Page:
The implications for wealth managers of the Schrems II ruling also reach far beyond just transatlantic transfers. Our research found that most firms rely on Standard Contractual Clauses for both intra-group and third-party transfers, and so the EUCJ’s imposition of “supplementary measures” on SCCs and the whole suite of safeguarding mechanisms is arguably an even more dramatic move as it impacts all jurisdictions bar the 12 the EU currently deems “adequate” in data protection.
That this tiny green list includes the Faroe Islands and Andorra, but not post-Brexit Britain nor any number of other developed countries, underscores how tricky transferring data outside the European Economic Area compliantly will continue to be – particularly as adequacy decisions are also subject to sudden revision.
External expertise unavoidable?
Alongside updated SCCs, wealth managers must now grapple with the European Data Protection Board’s recently issued recommendations on the supplementary measures, which make clear how much work organisations now have to do in evaluating foreign legal regimes on an ongoing basis. And here, we might say, lies one of the greatest rubs when it comes to the costs and pains of data protection compliance.
Although wealth managers may have their own in-house counsel, almost half (46 per cent) of those participating in this study said they have to source regulatory guidance from external law firms and a fifth turn to consultancies. That 27 per cent said they were able to get support by phone or email suggests many are retaining such services at a cost of (we were told) multiple thousands per day. However, the majority (40 per cent) of data protection overseers appear to be gathering what insight they can from memos and the like issued by external parties. As one respondent noted, keeping their organisation on top of all this by scouring newsletters and so on “could be a full-time job”.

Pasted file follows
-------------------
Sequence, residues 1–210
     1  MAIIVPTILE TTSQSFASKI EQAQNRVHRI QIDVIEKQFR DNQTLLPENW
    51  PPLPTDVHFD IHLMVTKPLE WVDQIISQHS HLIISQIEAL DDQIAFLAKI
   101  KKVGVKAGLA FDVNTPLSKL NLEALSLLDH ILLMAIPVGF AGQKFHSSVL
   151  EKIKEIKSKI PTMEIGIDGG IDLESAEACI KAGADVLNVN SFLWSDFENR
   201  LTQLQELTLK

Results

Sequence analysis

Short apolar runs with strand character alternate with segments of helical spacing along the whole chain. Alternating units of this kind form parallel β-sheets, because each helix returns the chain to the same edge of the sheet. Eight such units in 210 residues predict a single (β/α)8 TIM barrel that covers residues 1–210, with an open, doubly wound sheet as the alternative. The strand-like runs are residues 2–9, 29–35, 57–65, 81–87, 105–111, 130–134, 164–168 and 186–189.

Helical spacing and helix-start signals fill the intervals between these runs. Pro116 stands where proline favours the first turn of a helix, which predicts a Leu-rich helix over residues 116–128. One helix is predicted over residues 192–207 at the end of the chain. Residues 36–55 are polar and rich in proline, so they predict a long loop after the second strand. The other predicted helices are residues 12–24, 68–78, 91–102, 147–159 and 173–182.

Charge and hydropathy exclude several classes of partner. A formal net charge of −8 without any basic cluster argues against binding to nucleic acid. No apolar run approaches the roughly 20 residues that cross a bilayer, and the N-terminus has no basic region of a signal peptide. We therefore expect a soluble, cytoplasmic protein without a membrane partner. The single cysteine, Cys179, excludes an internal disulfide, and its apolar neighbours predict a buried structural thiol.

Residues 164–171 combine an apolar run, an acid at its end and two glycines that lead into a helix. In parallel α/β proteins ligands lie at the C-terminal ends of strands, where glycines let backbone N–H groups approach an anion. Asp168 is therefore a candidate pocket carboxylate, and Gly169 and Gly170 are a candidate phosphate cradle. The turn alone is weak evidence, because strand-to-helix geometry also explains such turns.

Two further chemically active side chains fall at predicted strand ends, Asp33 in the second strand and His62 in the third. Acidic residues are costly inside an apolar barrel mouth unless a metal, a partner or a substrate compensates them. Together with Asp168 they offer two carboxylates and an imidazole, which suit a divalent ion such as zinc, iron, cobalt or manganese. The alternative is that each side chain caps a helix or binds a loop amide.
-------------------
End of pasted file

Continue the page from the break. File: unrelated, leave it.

In likely recognition of the enormity of their task, it can happily be said that a third of data protection specialists have updates delivered to them and disseminated across their organisation entirely digitally (such as through an app). Interestingly, while 25 per cent have gone for the easier win of implementing an external solution, 38 per cent have developed one internally. That they have done so at a time of already great technology change for the sector shows just how seriously they are taking the threat of fines which could amount to 4 per cent of annual global turnover for breaching the rules.
However, the biggest indicator is, of course, rapidly expanding data protection teams. As part two of this research special will show, many wealth managers are set on significantly expanding their teams.
The European data protection study Apiax carried out with
WealthBriefing follows a similar one undertaken among
Asia-Pacific institutions earlier in the year. To view the full
findings of both, click here.